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90s Slang You Should Know


[suh b-sur-vee-uh nt] /səbˈsɜr vi ənt/
serving or acting in a subordinate capacity; subordinate.
servile; excessively submissive; obsequious:
subservient persons; subservient conduct.
useful in promoting a purpose or end.
Origin of subservient
1625-35; < Latin subservient- (stem of subserviēns, present participle of subservīre to subserve), equivalent to sub- sub- + servi-, stem of servīre to serve + -ent -ent
Related forms
subservience, subserviency, noun
subserviently, adverb
unsubservient, adjective
unsubserviently, adverb Unabridged
Based on the Random House Dictionary, © Random House, Inc. 2017.
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Examples from the Web for subservient
Contemporary Examples
Historical Examples
  • Indeed the individual forms should always be subservient to the effect of the line or page.

    Letters and Lettering Frank Chouteau Brown
  • It will be subservient to the law of literature, which formerly received the law from it.

    Notre-Dame de Paris Victor Hugo
  • His pride made him fear to seem a parasite; and, too chivalrous to be disloyal, he was too haughty to be subservient.

    Godolphin, Complete Edward Bulwer-Lytton
  • We must separate the fanciful from the real, or at least make the one subservient to the other.

  • Any aspiring or subservient orator, such as Kalliklês is described, would know better than to address them in this strain.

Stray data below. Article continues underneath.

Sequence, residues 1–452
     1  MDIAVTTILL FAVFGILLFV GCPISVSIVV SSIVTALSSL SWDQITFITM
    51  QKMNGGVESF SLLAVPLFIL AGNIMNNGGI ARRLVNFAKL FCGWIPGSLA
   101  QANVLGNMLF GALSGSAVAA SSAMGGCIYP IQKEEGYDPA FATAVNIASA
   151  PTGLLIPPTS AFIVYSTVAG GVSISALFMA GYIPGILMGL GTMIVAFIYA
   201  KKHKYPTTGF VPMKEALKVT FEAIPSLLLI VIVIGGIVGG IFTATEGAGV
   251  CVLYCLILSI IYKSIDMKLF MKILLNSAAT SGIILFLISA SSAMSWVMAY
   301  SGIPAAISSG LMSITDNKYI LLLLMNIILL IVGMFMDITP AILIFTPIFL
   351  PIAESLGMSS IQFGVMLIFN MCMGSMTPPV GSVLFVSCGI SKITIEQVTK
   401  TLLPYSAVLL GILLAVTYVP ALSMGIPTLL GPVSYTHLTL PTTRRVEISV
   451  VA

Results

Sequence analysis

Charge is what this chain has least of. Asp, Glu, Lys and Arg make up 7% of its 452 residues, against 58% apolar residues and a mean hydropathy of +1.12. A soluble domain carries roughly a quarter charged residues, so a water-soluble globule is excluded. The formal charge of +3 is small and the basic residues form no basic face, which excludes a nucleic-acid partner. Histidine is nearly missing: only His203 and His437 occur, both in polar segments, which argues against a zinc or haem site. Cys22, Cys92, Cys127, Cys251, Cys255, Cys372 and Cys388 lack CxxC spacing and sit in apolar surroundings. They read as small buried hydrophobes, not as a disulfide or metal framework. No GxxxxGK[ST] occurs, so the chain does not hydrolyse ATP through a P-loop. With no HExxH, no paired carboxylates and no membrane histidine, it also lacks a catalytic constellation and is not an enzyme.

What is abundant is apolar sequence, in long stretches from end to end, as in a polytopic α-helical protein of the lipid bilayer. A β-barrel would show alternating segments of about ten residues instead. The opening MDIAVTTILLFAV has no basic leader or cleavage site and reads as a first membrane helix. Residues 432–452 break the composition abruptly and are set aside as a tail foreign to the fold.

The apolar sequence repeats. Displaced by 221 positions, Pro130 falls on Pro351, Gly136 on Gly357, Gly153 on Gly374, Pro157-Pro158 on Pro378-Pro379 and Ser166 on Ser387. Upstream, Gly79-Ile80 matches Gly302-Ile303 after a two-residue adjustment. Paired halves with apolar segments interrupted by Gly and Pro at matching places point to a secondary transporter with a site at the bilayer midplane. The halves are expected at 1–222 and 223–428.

• Surely the stomach should be subservient to the mind; but it isn't.

    Molly Bawn Margaret Wolfe Hamilton
British Dictionary definitions for subservient


obsequious in behaviour or attitude
serving as a means to an end
a less common word for subordinate (sense 2)
Derived Forms
subserviently, adverb
subservience, subserviency, noun
Word Origin
C17: from Latin subserviēns complying with, from subservīre to subserve
Collins English Dictionary - Complete & Unabridged 2012 Digital Edition
© William Collins Sons & Co. Ltd. 1979, 1986 © HarperCollins
Publishers 1998, 2000, 2003, 2005, 2006, 2007, 2009, 2012
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Word Origin and History for subservient

1630s, "useful, serviceable," from Latin subservientem (nominative subserviens), present participle of subservire "assist, lend support," from sub "under" (see sub-) + servire "serve" (see serve). The meaning "slavishly obedient" is first recorded 1794.

Online Etymology Dictionary, © 2010 Douglas Harper
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